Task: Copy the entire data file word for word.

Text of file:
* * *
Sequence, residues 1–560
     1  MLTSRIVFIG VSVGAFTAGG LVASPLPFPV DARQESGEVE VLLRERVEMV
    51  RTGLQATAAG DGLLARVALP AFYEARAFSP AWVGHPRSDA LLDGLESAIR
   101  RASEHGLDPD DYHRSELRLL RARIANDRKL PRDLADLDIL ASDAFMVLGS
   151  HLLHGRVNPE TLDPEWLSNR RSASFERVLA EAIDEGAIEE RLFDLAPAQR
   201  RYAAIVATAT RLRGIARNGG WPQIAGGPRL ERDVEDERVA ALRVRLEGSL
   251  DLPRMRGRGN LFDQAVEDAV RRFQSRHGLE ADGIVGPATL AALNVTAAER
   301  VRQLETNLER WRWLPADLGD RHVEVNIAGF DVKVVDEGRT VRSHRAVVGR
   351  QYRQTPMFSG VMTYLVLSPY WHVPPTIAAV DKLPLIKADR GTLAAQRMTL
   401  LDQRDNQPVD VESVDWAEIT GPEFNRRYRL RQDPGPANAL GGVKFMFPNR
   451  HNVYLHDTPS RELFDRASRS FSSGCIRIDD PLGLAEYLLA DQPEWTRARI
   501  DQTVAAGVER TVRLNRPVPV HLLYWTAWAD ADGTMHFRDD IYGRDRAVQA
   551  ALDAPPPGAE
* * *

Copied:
Sequence, residues 1–560
     1  MLTSRIVFIG VSVGAFTAGG LVASPLPFPV DARQESGEVE VLLRERVEMV
    51  RTGLQATAAG DGLLARVALP AFYEARAFSP AWVGHPRSDA LLDGLESAIR
   101  RASEHGLDPD DYHRSELRLL RARIANDRKL PRDLADLDIL ASDAFMVLGS
   151  HLLHGRVNPE TLDPEWLSNR RSASFERVLA EAIDEGAIEE RLFDLAPAQR
   201  RYAAIVATAT RLRGIARNGG WPQIAGGPRL ERDVEDERVA ALRVRLEGSL
   251  DLPRMRGRGN LFDQAVEDAV RRFQSRHGLE ADGIVGPATL AALNVTAAER
   301  VRQLETNLER WRWLPADLGD RHVEVNIAGF DVKVVDEGRT VRSHRAVVGR
   351  QYRQTPMFSG VMTYLVLSPY WHVPPTIAAV DKLPLIKADR GTLAAQRMTL
   401  LDQRDNQPVD VESVDWAEIT GPEFNRRYRL RQDPGPANAL GGVKFMFPNR
   451  HNVYLHDTPS RELFDRASRS FSSGCIRIDD PLGLAEYLLA DQPEWTRARI
   501  DQTVAAGVER TVRLNRPVPV HLLYWTAWAD ADGTMHFRDD IYGRDRAVQA
   551  ALDAPPPGAE